2. off the Record Meeting on Cuba, October 16, 1962

http://www.yale.edu/lawweb/avalon/diplomacy/forrel/cuba/cuba021.htm

5. Minutes of the 505th Meeting of the National Security Council, October 20, 1962

http://www.yale.edu/lawweb/avalon/diplomacy/forrel/cuba/cuba034.htm

 Secretary of State Dean Rusk

 

“Now, I do think we have to set in motion a chain of events that will eliminate this base. I don't think we can sit still. The questioning becomes whether we do it by sudden, unannounced strike of some sort, or we build up the crisis to the point where the other side has to consider very seriously about giving in, or even the Cubans themselves take some action on this. The thing that I'm, of course, very conscious of is that there is no such thing, I think, as unilateral action by the United States. It's so heavily involved with 42 allies and confrontation in many places, that any action that we take will greatly increase the risks of direct action involving our other alliances and our other forces in other parts of the world. So I think we have to think very hard about two major courses of action as alternatives. One is the quick strike.... I don't think this in itself would require an invasion of Cuba. I think that with or without such an invasion, in other words if we make it clear that what we're doing is eliminating this particular base or any other such base that is established. We ourselves are not moved to general war, we're simply doing what we said we would do if they took certain action. Or we're going to decide that this is the time to eliminate the Cuban problem by actually eliminating the island.” (1)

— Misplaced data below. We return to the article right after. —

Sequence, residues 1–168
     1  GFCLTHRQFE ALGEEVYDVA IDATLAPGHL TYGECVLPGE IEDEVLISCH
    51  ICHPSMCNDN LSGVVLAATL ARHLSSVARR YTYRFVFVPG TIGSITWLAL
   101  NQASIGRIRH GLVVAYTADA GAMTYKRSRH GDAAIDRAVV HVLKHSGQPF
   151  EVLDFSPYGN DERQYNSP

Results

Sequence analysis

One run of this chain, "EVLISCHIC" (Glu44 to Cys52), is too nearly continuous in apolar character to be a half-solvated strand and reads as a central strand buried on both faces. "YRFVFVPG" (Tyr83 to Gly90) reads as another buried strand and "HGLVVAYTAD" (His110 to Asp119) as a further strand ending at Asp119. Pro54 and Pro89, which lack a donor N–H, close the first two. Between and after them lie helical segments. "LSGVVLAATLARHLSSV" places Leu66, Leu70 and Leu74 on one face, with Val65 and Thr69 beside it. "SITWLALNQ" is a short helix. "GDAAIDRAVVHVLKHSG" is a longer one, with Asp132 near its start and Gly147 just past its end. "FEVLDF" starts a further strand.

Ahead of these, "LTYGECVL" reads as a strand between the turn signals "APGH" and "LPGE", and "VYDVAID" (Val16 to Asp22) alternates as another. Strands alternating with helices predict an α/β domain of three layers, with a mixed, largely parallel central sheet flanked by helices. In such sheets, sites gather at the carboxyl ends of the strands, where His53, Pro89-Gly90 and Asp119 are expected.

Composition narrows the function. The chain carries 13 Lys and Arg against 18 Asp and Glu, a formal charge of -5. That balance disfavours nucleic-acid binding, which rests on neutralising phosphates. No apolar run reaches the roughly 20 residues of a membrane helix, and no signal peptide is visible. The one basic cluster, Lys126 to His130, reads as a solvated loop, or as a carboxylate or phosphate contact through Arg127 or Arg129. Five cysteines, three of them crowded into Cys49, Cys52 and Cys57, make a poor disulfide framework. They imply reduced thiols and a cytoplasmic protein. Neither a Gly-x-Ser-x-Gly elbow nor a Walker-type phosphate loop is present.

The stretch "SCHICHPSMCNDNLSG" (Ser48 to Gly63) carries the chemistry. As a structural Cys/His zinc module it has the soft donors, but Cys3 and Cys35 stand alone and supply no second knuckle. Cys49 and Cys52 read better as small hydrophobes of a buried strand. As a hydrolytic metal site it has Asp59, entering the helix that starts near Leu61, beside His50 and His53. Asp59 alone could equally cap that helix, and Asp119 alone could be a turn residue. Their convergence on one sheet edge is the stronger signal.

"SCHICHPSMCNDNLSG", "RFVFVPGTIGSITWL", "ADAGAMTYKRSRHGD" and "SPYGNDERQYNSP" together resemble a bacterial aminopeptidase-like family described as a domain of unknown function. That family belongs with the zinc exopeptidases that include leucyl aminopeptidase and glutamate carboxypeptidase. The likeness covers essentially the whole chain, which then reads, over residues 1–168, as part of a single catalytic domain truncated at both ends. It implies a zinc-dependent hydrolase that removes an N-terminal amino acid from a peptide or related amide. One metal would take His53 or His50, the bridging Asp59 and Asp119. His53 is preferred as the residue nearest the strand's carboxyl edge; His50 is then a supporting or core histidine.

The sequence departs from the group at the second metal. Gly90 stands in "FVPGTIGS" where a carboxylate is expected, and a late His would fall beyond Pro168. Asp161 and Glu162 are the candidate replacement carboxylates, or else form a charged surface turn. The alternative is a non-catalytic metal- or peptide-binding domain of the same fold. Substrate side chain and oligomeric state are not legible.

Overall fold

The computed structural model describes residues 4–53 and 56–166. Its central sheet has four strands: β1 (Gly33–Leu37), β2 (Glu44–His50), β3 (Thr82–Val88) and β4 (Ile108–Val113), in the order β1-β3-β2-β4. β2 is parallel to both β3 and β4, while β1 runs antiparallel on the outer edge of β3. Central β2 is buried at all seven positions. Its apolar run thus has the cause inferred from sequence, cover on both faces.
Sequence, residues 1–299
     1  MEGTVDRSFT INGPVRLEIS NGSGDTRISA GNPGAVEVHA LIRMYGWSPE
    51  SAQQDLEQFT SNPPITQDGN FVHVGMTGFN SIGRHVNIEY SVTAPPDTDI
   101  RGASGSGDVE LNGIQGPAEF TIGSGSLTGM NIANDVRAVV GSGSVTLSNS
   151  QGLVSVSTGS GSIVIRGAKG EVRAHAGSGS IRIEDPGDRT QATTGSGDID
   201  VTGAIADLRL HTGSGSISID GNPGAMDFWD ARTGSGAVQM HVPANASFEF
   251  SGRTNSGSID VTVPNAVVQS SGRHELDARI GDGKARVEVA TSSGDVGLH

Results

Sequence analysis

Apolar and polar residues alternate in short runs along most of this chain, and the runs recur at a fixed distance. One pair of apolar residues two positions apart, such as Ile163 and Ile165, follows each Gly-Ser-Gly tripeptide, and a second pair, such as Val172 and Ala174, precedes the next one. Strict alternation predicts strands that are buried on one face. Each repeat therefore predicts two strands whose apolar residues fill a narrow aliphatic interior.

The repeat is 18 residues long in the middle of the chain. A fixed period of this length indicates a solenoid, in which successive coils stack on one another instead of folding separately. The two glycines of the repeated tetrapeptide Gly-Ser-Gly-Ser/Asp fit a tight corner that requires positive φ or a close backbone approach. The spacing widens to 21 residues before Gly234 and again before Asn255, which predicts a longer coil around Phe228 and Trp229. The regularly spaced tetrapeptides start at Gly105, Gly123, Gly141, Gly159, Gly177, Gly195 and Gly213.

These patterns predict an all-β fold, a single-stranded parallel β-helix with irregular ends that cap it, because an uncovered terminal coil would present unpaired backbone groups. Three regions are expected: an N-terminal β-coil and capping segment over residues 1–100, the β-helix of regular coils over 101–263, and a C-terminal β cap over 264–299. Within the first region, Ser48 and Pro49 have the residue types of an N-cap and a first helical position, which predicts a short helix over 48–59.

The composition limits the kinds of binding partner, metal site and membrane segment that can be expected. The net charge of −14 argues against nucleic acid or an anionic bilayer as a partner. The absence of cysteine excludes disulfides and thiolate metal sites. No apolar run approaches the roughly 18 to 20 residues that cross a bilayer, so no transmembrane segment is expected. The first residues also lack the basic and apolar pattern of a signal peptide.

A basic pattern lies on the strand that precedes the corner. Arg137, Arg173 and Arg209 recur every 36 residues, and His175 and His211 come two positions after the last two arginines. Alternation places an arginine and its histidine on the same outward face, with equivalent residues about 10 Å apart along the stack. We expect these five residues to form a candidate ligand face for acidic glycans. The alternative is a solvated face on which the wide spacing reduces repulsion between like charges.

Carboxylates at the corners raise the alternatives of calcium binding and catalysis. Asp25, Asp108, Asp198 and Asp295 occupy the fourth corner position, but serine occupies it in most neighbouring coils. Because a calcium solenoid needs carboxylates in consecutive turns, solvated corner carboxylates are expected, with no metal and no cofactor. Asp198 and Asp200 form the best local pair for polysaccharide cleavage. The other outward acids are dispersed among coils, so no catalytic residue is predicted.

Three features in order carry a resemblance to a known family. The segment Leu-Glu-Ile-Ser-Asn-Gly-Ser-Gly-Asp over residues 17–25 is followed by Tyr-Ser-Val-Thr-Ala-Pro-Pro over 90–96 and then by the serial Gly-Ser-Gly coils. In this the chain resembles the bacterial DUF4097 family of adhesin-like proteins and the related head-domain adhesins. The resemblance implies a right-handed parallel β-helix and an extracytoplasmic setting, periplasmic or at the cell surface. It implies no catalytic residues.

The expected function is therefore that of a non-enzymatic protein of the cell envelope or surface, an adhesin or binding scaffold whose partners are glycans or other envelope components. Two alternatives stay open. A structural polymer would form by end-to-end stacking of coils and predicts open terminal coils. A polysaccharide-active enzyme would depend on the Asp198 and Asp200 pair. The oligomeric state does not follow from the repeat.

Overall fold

“There are two other problems that we are concerned about [regarding an air strike]. If we strike these missiles, we would expect, I think, maximum Communist reaction in Latin America. In the case of about six of those governments, unless the heads of government had some intimation, requiring some preparatory steps from the security point of view, one or another of those governments could easily be overthrown—Venezuela, for example, or Guatemala, Bolivia, Chile, possibly even Mexico. And therefore the question will arise as to whether we should not somehow indicate to them in some way the seriousness of the situation so they can take precautionary steps, whether we tell them exactly what we have in mind or, or not.